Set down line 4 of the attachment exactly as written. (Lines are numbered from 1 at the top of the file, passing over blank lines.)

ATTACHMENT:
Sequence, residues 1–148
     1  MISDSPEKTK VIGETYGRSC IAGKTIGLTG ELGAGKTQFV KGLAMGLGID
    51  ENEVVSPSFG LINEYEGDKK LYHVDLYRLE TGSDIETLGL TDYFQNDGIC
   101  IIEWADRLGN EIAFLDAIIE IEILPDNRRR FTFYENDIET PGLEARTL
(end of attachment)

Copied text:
   101  IIEWADRLGN EIAFLDAIIE IEILPDNRRR FTFYENDIET PGLEARTL